Describe your music in three words.
Funky, intimate soul.
What is your earliest music memory? Or, perhaps, what’s the earliest musical experience that inspired you to pursue music professionally – that “I want to do that” moment?
Though music permeates all of my early childhood memories, the moment when I realized I wanted to be a professional musician didn’t come until the sixth grade. Our school choir had a performance and a handful of parents complimented me specifically. They called me a great singer and commended my stage presence. The thing is, I didn’t have a solo. I was just another face in the crowd – or so I thought. Something about what I was doing reached them. I realized that the passion I had for music was something that I couldn’t help but convey. They saw that.
Your 2016 album, “Fever Dreams,” was highly lauded around the Gulf Coast and beyond, and you’ve been releasing albums for over a decade now – including a new record, “Good Side of Bad,” that released Spring 2019. How has your music developed or changed through the years?
I’ve gotten more comfortable in my own skin. I’ve always been self-conscious about my music. The fear of rejection stems from my experiences in grade school and it kept me from performing in public for a long time. Each release is just that: a release. I lose more of that fear every time I put something out and people connect to it. I think that translates to the recorded music because I’m more confident in myself. There are more vocal tracks, less instrumental solos by other musicians; I take on more roles in the studio, and the music sounds more like what I want it to as opposed to producers or the industry as whole.
In addition to songwriting, you also hold a degree in English and are a published writer. Can you describe your creative process as it relates to writing as a whole?
I’ve always loved telling stories. Sometimes those stories manifest themselves as songs; other times it’s an essay, poem, or a screenplay. For the most part, it doesn’t feel like I even have control over it. I’m just a conduit. When I feel like I have something to say, I know whether to work it out on my guitar or in my word processor.
Allen Toussaint once stated, “Music is everything to me short of breathing. Music also has a role to life you up-not to be escapist but to take you out of misery.” With that said, how has music gotten you through hard times in your life?
There’s a song by Gary Clark, Jr. called “The Healing.” The hook is, “This music is my healing.” That’s exactly how I feel. If I’m feeling dark, I can write something down, sing it, cry through it, and put it to bed. If it becomes something that we release and play live, even better. The more I sing it, the more I can move through it and move past it without trying to ignore it. I lost my mom at a very young age, I was in a toxic relationship in my twenties, and I struggled with alcohol dependency until the age of 25. Music was a tremendous part of those respective healing processes.
When you hear the phrase “Music for the Mind,” what does it mean to you on first impression?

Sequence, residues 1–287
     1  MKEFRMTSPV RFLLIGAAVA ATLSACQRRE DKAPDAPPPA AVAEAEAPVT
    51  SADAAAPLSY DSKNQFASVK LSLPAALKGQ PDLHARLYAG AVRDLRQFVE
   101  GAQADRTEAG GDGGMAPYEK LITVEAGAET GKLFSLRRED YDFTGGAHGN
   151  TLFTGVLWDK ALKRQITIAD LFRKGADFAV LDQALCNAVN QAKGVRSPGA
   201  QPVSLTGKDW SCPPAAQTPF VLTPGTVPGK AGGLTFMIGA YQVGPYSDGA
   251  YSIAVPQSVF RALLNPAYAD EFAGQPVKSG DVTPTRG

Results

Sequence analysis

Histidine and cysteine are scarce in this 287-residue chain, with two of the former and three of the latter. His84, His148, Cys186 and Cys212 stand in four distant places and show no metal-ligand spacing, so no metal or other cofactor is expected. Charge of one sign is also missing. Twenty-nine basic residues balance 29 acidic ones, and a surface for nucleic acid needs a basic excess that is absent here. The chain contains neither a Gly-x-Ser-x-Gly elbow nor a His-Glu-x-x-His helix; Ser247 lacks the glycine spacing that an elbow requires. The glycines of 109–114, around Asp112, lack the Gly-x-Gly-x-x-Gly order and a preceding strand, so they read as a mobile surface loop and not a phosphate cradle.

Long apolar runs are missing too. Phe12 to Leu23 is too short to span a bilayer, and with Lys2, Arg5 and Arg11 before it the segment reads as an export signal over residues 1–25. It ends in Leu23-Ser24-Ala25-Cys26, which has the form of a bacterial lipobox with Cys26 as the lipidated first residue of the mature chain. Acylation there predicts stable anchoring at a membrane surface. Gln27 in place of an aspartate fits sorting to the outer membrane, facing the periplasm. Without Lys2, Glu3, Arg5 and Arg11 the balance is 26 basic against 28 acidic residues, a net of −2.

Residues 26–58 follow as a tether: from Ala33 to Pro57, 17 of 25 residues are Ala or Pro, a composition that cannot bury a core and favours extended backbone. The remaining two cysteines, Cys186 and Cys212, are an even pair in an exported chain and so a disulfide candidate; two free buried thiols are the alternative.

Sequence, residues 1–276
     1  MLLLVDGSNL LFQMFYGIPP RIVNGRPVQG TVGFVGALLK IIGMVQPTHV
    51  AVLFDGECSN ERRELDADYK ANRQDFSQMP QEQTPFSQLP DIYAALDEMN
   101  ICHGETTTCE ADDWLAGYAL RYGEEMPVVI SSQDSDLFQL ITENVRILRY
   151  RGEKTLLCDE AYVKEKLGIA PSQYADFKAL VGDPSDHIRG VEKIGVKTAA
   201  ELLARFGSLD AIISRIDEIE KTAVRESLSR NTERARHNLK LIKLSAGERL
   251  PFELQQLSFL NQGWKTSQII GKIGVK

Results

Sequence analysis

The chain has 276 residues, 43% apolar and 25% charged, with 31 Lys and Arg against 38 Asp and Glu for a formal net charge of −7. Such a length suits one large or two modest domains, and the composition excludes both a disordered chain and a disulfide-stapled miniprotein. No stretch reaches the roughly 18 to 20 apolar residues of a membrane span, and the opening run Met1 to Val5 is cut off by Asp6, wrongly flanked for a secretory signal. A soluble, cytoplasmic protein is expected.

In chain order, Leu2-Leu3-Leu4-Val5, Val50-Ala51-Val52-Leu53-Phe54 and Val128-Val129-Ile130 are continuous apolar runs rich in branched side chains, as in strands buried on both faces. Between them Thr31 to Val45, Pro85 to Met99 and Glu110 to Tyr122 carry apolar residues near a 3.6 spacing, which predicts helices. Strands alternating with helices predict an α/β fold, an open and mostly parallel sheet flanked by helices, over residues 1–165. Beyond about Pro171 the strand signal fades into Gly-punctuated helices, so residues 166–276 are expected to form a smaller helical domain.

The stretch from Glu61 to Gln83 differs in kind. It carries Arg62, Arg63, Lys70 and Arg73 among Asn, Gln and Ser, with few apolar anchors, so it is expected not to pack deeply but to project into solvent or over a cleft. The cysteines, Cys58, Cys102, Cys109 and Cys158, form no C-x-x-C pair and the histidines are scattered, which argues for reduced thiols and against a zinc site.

It made me think of music as a therapy, to which I completely relate.
Following up on that, what is a message you hope others receive through your music?
A fan recently posted that my music had gotten him through many suicidal nights. He didn’t think I would ever see that, but I did and it hit me so hard. We exchanged a few messages and I realized the reach of music. He’s never seen me play live; I’ve never toured in his hometown, but he somehow found my music and found the meaning within. I only ever wanted people to hear me and feel better about their day. That’s what my favorite music has always done for me. It gives me a few moments where I’m not worried about my bills, stressed out about my family, or freaking out about the state of the world. I hope to do that for others.
In addition to music as a healing medium, are there other resources that you use to care for your mental health?
I’m trying to get better about my self-care. A healthy diet is important for me, though it’s probably what I struggle with the most. I love getting massages regularly (who doesn’t?), salt baths, ice baths, paraffin dips, physical activity, and breathing exercises. I deal with chronic pain, which can really get me down, so taking care of myself not only helps me physically feel better, but it also helps me feel mentally stronger. When we take care of ourselves, we realize that we are worth taking care of.
Here’s a fun one: You’re singing karaoke on an off-night – what’s your go-to song?
“Miami” by Will Smith. It’s a ridiculous song and I don’t know why I know all of the words.
Any last thoughts/comments you’d like to share regarding these questions, music, mental health, both combined, or anything at all?
I try be as open and as honest as possible when it comes to my struggles with anxiety and depression in an effort to help destigmatize it as much as possible. We all have bouts of sadness and/or anxiety sometimes or another and talking about it openly can only help. BTD Foundation is a great organization and we need more like it and more programs like Music for the Mind.
Mia Borders is a New Orleans-born-and-bred songwriter, vocalist, guitarist, performer, and community activist. Mia’s music is a soulfully-refreshing blend of blues, soul, rock, RnB, and Americana styles resulting in authentic, honest lyrics and poignant storytelling. You can hear and learn more from Mia at:
Official Website: https://www.miaborders.com/
All photos by Jose Cotto for the Brett Thomas Doussan (BTD) Foundation.